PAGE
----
title = "Modelling familial dysautonomia in human induced pluripotent stem cells",
abstract = "Induced pluripotent stem (iPS) cells have considerable promise as a novel tool for modelling human disease and for drug discovery. While the generation of disease-specific iPS cells has become routine, realizing the potential of iPS cells in disease modelling poses challenges at multiple fronts. Such challenges include selecting a suitable disease target, directing the fate of iPS cells into symptom-relevant cell populations, identifying disease-related phenotypes and showing reversibility of such phenotypes using genetic or pharmacological approaches. Finally, the system needs to be scalable for use in modern drug discovery. Here, we will discuss these points in the context of modelling familial dysautonomia (FD, Riley-Day syndrome, hereditary sensory and autonomic neuropathy III (HSAN-III)), a rare genetic disorder in the peripheral nervous system. We have demonstrated three disease-specific phenotypes in FD-iPS-derived cells that can be partially rescued by treating cells with the plant hormone kinetin. Here, we will discuss how to use FDiPS cells further in high throughput drug discovery assays, in modelling disease severity and in performing mechanistic studies aimed at understanding disease pathogenesis. FD is a rare disease but represents an important testing ground for exploring the potential of iPS cell technology in modelling and treating human disease.",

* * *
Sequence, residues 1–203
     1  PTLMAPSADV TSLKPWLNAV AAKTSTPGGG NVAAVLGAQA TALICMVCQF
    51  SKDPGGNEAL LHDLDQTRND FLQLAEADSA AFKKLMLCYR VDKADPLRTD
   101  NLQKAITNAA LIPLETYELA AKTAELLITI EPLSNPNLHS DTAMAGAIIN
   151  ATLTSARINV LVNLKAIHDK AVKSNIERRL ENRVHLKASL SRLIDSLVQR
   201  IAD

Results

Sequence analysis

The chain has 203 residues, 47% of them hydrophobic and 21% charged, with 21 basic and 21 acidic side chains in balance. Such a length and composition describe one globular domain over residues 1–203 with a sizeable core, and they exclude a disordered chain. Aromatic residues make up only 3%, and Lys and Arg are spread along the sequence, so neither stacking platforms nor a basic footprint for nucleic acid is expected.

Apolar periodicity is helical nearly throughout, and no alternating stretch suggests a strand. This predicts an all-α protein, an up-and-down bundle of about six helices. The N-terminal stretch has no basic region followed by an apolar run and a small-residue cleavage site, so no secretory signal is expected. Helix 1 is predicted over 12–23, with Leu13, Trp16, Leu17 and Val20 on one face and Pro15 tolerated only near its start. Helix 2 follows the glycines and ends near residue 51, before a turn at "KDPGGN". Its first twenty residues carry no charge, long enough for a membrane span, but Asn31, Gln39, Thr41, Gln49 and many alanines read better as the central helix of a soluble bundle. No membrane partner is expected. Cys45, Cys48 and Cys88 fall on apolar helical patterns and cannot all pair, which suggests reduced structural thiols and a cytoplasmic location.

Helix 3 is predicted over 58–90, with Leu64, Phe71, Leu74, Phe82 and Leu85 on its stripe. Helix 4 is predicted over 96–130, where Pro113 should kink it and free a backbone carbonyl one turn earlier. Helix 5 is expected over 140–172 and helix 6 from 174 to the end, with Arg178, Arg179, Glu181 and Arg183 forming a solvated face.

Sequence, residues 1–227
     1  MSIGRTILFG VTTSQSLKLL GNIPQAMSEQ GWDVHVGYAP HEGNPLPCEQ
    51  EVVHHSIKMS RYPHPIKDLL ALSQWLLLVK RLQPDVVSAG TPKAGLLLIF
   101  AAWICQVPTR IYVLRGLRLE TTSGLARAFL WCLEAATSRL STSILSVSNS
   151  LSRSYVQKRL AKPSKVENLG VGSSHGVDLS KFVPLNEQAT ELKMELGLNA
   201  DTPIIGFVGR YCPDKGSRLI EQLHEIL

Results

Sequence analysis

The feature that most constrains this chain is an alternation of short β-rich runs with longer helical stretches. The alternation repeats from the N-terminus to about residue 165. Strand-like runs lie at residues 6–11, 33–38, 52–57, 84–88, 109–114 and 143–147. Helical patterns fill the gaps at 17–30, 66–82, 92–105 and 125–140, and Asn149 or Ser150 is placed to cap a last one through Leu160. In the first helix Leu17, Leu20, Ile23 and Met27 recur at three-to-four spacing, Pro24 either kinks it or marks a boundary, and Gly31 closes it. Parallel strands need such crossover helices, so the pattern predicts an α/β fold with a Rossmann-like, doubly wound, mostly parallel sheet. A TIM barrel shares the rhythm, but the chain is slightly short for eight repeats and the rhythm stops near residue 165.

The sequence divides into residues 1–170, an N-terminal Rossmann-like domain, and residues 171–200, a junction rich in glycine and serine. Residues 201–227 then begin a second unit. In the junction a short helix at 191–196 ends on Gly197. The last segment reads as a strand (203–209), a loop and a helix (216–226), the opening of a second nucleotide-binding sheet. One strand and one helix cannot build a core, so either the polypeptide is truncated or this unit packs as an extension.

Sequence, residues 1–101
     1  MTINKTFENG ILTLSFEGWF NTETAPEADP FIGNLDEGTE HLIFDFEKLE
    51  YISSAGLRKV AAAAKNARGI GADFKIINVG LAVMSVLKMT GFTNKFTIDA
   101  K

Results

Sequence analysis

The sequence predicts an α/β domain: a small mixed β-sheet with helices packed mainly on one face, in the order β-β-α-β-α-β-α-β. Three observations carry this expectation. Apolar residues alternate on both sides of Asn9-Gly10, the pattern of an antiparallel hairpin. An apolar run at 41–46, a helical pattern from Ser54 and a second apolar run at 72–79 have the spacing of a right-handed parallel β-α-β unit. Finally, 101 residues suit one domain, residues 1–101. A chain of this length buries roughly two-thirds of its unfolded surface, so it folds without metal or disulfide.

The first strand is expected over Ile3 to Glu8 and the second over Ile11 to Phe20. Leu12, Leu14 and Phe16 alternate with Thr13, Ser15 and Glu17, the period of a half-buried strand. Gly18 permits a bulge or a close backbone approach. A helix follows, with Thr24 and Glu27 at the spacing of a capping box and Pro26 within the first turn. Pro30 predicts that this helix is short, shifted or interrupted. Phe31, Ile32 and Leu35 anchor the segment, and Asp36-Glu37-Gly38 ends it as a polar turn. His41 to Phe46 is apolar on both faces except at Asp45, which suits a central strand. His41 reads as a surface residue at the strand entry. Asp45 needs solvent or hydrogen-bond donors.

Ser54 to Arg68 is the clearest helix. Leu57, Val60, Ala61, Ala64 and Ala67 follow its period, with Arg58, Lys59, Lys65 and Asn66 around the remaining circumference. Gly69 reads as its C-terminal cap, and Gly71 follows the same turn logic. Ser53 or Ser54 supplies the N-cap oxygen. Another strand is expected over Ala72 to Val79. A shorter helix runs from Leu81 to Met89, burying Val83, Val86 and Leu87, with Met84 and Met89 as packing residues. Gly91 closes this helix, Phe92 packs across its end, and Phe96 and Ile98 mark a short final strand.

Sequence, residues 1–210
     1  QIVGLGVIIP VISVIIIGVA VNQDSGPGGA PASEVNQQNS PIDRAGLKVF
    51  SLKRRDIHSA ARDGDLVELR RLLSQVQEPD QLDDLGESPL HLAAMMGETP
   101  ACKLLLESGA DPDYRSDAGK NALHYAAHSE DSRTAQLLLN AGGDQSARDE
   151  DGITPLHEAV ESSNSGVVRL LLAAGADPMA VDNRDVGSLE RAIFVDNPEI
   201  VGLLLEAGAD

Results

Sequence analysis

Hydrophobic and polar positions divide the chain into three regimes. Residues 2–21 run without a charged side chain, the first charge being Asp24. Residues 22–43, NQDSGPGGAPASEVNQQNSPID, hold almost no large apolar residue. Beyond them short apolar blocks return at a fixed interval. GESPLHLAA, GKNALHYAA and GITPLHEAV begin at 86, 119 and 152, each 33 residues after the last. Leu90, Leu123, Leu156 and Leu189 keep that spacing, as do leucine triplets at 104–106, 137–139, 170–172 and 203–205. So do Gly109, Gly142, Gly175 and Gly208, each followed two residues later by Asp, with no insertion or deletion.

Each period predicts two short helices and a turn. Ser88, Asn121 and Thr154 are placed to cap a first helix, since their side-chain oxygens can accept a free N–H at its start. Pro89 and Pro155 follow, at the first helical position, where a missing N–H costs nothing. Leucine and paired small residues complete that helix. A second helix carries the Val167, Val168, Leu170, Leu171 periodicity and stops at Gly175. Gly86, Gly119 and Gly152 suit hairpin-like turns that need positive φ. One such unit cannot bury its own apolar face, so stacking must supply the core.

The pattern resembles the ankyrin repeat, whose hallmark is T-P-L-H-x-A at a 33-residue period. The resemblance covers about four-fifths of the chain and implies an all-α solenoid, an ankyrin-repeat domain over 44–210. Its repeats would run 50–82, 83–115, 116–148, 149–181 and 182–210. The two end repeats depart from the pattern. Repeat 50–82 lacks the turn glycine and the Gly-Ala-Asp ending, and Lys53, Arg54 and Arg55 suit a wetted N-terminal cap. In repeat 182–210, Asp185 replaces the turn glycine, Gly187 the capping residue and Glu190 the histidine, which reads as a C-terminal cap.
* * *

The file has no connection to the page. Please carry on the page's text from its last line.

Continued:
keywords = "Disease modelling, Drug discovery, Human genetic disease, Human induced pluripotent stem cells, Peripheral nervous system, Stem cells",
author = "Gabsang Lee and Lorenz Studer",
year = "2011",
month = "7",
day = "4",
doi = "10.1098/rstb.2011.0026",
language = "English (US)",
volume = "366",
pages = "2286--2296",
journal = "Philosophical Transactions of the Royal Society B: Biological Sciences",
issn = "0800-4622",
publisher = "Royal Society of London",
number = "1575",

}

TY - JOUR

T1 - Modelling familial dysautonomia in human induced pluripotent stem cells

AU - Lee, Gabsang

AU - Studer, Lorenz

PY - 2011/7/4

Y1 - 2011/7/4